Are Biometric CVs The Future?

Are Biometric CVs The Future?

13 March 2017



It sounds like something from a science fiction movie – wearing your CV on your wrist and expressing data about yourself in a biometric format.

But, hey, not that long ago it seemed crazy that we would all be wearing Apple watches and Fitbits – so are biometric CVs really that much of a stretch of the imagination?

A recent study from Goldsmiths’ Institute of Management Studies at the University of London hints that data generated from personal technology be gathered and analysed to understand employees’ performance and how well they might be suited to a role.

The study, conducted by Professor Chris Brauer, states that biometric CVs containing data about everything from sleep patterns to how you deal with stress will become just as ubiquitous as the aforementioned Fitbits.

In fact, Brauer claims that the “sociometric” data generated from wearable technology is already being used in some sectors to give individuals an edge in the job market.

Analysis of candidates’ digital footprints, which includes use of social media sites, is quite commonplace. Therefore, it could be argued that biometrics could almost be seen as the next natural step in the process of rooting out the wrong candidates.

Use of biometric CVs could also be used to challenge those who ‘embellish the truth’ on traditional paper CVs. Yes, your career to date might look great on paper – but does that all go out the window when you’re forced to deal with people face to face? You might state that you are calm under pressure, but does your wearable tech suggest otherwise?

It definitely sounds like an intriguing notion. But would the average employee be somewhat more reluctant to go down this route?

There may be, at the very least, trust issues as to how any sensitive data would be used. Candidates may feel a pressure to submit to wearable tech for fear of being seen as untrustworthy.

But could there also be candidates who knew how to manipulate their own data?

No doubt, there would also be concerns relating to the Human Rights Act, which stipulates that everyone has a right to have their private life and privacy respected. The Data Protection Act also states that all data must be lawfully and fairly processed.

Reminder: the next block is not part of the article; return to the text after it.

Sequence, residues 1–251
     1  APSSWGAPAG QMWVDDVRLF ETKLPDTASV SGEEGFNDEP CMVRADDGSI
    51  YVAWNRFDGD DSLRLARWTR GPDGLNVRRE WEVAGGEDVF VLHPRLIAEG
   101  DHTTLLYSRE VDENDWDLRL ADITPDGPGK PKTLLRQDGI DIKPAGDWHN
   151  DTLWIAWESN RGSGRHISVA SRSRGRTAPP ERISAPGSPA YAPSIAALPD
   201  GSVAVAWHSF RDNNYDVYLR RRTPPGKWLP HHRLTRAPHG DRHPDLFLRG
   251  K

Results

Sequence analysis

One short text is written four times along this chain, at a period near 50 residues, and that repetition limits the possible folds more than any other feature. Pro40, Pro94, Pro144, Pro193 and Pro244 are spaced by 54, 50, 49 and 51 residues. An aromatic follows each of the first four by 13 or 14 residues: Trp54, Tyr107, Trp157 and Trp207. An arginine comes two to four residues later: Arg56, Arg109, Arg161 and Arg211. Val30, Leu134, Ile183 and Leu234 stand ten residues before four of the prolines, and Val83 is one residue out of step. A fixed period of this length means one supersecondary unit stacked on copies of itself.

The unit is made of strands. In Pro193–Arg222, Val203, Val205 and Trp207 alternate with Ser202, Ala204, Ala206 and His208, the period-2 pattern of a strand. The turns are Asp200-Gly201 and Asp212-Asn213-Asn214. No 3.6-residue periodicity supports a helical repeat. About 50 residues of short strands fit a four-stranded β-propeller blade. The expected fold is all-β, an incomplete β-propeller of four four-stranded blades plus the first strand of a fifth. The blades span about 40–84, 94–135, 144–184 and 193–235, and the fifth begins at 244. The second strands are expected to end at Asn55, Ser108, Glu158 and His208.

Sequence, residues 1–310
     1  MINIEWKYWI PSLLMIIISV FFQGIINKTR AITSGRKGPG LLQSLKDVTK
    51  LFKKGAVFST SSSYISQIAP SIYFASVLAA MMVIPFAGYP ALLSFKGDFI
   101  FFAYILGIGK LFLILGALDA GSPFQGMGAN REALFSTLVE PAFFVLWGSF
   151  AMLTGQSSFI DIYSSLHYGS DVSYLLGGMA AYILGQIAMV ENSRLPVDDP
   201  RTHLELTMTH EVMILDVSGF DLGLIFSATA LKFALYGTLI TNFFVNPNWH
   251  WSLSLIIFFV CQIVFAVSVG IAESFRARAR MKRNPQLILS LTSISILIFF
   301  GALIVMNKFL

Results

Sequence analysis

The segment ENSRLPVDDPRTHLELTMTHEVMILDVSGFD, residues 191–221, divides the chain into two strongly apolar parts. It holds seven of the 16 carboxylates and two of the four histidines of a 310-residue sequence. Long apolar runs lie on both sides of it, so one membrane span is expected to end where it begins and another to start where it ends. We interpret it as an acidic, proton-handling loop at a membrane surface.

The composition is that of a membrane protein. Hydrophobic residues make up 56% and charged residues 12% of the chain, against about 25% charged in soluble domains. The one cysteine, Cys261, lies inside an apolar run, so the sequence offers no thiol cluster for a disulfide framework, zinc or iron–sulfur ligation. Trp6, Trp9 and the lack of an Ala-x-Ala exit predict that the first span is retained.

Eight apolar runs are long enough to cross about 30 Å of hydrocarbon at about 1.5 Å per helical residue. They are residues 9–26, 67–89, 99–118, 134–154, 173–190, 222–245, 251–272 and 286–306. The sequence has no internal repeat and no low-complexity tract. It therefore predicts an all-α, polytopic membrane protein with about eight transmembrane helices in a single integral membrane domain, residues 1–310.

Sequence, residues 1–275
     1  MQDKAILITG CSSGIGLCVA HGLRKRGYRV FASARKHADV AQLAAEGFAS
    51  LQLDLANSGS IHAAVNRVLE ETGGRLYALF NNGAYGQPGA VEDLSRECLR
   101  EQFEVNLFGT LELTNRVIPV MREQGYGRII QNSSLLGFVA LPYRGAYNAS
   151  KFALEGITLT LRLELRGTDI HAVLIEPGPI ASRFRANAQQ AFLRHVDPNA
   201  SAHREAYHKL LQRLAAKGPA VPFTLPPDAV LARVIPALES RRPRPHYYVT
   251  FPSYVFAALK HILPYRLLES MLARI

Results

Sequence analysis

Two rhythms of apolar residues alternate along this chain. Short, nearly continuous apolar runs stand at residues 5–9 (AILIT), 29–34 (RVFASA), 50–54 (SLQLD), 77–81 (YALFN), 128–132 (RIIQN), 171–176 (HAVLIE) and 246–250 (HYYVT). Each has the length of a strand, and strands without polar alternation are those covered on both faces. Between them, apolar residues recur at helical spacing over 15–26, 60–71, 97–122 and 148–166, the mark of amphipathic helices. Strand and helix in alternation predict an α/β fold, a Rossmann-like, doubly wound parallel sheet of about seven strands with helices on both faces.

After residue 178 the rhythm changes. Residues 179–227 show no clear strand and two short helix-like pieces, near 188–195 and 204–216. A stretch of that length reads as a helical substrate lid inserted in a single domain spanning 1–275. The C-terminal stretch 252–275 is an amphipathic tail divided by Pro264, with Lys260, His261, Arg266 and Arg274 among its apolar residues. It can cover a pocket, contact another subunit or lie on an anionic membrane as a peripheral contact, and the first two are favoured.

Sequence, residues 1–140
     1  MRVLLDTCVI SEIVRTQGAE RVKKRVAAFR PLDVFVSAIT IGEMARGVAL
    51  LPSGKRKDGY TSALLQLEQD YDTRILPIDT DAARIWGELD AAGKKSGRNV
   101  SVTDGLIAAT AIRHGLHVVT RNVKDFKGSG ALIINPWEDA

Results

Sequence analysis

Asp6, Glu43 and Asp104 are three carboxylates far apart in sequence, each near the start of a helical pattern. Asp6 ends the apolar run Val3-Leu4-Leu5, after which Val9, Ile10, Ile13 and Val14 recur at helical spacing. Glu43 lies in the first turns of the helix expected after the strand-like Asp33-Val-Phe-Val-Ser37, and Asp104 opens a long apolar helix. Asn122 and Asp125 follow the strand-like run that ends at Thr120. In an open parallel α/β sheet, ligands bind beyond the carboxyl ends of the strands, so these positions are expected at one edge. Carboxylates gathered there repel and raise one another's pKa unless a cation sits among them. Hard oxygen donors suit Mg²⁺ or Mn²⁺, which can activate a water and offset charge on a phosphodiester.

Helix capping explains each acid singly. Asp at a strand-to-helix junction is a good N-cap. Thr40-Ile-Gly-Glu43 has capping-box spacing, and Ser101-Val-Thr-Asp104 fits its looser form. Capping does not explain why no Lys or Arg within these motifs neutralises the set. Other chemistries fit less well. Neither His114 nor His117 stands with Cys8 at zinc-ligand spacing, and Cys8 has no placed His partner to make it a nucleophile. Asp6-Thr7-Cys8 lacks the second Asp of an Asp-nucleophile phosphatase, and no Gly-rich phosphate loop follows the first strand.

These concerns make it unlikely that biometric CVs will come in to play any time soon.

But before we get carried away down an Orwellian vision of the future, biometric CVs may genuinely prove useful for practical interviews.

For instance, if you were asked to deliver a presentation or undertake a sample of work that you would carry out should you get the job, it would be useful for potential employers to see how you cope under pressure.

Really, is it any different to being asked a difficult ‘behavioural’ question at an interview?

Employers would also have to appreciate that nerves may also play a large part in any data they were able to pick up – nobody is truly at their best in an interview situation, no matter how confident they claim to be.

And perhaps they could even be put to good use regarding mental health and wellbeing in the workplace. For instance, if a current employee returned data that was displaying signs of stress or lack of sleep in an otherwise healthy person, it could prompt an employer to have a discussion to make sure everything was alright.

Biometric CVs definitely sound like something from a futuristic blockbuster. Would you feel comfortable wearing one? Comment below to let us know. 




Written By Mary Palmer


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